Constituent Assembly Members

Harihar Nath Shastri

1904 -

Key Information






Mother Tongue:


Committee Memberships


Early Life

Harihar Nath Shastri was born on 26 October 1904 at Wazirapur in present-day Uttar Pradesh. He studied at the Edward Memorial Institute and went on to pursue higher education at Benaras Hindu University and Kashi Vidyapith.

Shastri enjoyed playing chess for recreation. His other hobbies included playing bridge and travelling.

Role in Indian Independence Movement

Shastri joined the Indian independence movement at a young age. He enrolled as a member of the Indian National Congress in 1928. He was imprisoned 7 times for his involvement in Indian freedom movement.

He was a member of civil society organisations like the Servants of People Society – founded by Lala Lajpat Rai in 1921.

Shastri held a number of important political and administrative positions. He was a member of the Municipal Committee, Kanpur (1934-40) and the Kanpur Improvement Trust (1938-51). He was elected to U.P. Legislative Council (1937-44) and U.P. Legislative Assembly (1946-50).

Shastri is well renowned for his contribution to the labour movement in Uttar Pradesh focusing on the textile industry in Kanpur. He was the President of the All-India Trade Union Congress (1933-35) and the Indian National Trade Union (1947-49). He brought together the labour movement and the Indian national movement in Uttar Pradesh. He linked the upliftment of workers with the end of colonial rule. He believed that ‘swaraj’ without the emancipation of workers was not complete ‘swaraj’.

Shastri’s socialist politics was unique because his approach to labour issues was more radical than his contemporaries. He disagreed with socialists like B. Shiva Rao who believed that labour movements should adopt constitutional means to put forward their grievances. Shastri instead felt that unconstitutional acts of industrialists cannot be countered by constitutional agitations by the workers. Despite his radical views, Shastri was considered a ‘moderate’ by British officials, as opposed to the ‘communists’ in the 1930s who were termed as ‘agitators’.

He edited a weekly magazine called Mazdoor through which he aimed to politically mobilise labourers and spread awareness of labour issues..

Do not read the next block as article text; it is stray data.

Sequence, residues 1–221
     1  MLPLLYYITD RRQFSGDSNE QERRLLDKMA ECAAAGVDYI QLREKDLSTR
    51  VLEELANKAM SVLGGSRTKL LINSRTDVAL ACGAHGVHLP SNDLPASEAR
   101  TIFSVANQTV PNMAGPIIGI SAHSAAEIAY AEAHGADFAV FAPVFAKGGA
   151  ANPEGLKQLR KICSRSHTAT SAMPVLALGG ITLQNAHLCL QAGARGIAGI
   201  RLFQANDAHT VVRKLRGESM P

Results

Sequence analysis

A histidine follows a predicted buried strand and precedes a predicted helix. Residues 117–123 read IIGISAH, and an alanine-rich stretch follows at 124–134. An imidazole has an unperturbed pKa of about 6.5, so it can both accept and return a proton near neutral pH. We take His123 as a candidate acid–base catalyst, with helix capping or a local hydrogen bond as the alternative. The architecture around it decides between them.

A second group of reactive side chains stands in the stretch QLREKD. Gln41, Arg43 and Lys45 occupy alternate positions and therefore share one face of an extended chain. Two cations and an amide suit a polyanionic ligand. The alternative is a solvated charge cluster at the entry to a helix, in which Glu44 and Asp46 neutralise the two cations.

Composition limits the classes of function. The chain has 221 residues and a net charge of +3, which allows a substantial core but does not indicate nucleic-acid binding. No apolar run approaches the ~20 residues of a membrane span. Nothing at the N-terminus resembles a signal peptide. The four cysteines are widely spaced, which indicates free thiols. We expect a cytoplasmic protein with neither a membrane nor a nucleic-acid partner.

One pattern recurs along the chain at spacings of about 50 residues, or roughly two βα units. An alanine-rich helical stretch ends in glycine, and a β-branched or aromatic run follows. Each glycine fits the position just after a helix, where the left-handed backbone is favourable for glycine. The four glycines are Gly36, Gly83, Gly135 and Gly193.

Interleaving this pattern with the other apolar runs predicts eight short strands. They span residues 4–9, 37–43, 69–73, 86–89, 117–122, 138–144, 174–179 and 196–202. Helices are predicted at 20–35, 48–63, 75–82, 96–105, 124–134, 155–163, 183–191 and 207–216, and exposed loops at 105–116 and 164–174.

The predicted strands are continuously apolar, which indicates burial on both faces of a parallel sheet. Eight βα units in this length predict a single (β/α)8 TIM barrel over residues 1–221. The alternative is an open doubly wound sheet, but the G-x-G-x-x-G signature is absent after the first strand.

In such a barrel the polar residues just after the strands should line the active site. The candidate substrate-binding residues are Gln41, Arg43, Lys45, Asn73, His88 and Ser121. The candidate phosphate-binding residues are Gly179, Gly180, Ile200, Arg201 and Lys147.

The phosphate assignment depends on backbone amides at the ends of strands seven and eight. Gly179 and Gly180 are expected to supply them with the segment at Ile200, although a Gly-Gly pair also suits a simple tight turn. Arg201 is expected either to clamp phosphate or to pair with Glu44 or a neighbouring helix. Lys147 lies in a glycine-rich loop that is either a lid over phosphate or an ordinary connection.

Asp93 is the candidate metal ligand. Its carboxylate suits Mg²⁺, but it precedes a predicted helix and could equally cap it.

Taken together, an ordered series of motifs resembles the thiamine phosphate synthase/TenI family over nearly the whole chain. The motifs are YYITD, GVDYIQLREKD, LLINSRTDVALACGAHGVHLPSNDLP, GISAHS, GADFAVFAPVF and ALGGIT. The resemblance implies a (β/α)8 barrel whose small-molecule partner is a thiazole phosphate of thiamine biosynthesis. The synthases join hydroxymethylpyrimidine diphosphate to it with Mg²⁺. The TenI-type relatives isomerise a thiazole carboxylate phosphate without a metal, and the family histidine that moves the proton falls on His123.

Shastri lived in the Mazdoor Basti at Gwaltoli. Although he belonged to the middle class, he was able to transcend class differences with labourers by living with them.  

Contribution to Constitution Making

Shastri was elected to the Constituent Assembly in 1946 from the United Provinces on a Congress party ticket. He did not participate in the Assembly debates.  

Contributions Post-Independence 

Shastri continued to work on labour issues post-independence. He was the General Secretary of the All-India Trade Union (1949). He even represented Indian workers on the international stage. He was:  

  1. The Indian labour representative at the International Labour Conference (1948, 1951 and 1952),  
  2. A member of the Governing Body of the International Labour Organisation,  
  3. Vice-President of the International Confederation of Free Trade Unions, and   
  4. The Indian workers’ representative in the first Asian Regional Conference at Ceylon (1950).  

Shastri was elected as the first member of Parliament from Kanpur to the Lok Sabha in 1952.  

Key Writings

  1. Mir Kasim(in Hindi)
  2. History of Trade Union Movement 
  1. Lost Worlds: Indian Labour and Its Forgotten Histories, by Chitra Joshi (Permanent Black, 2003)
  2. Factional Politics in an Indian State: The Congress Party in Uttar Pradesh, by Paul Brass (iUniverse, 2008)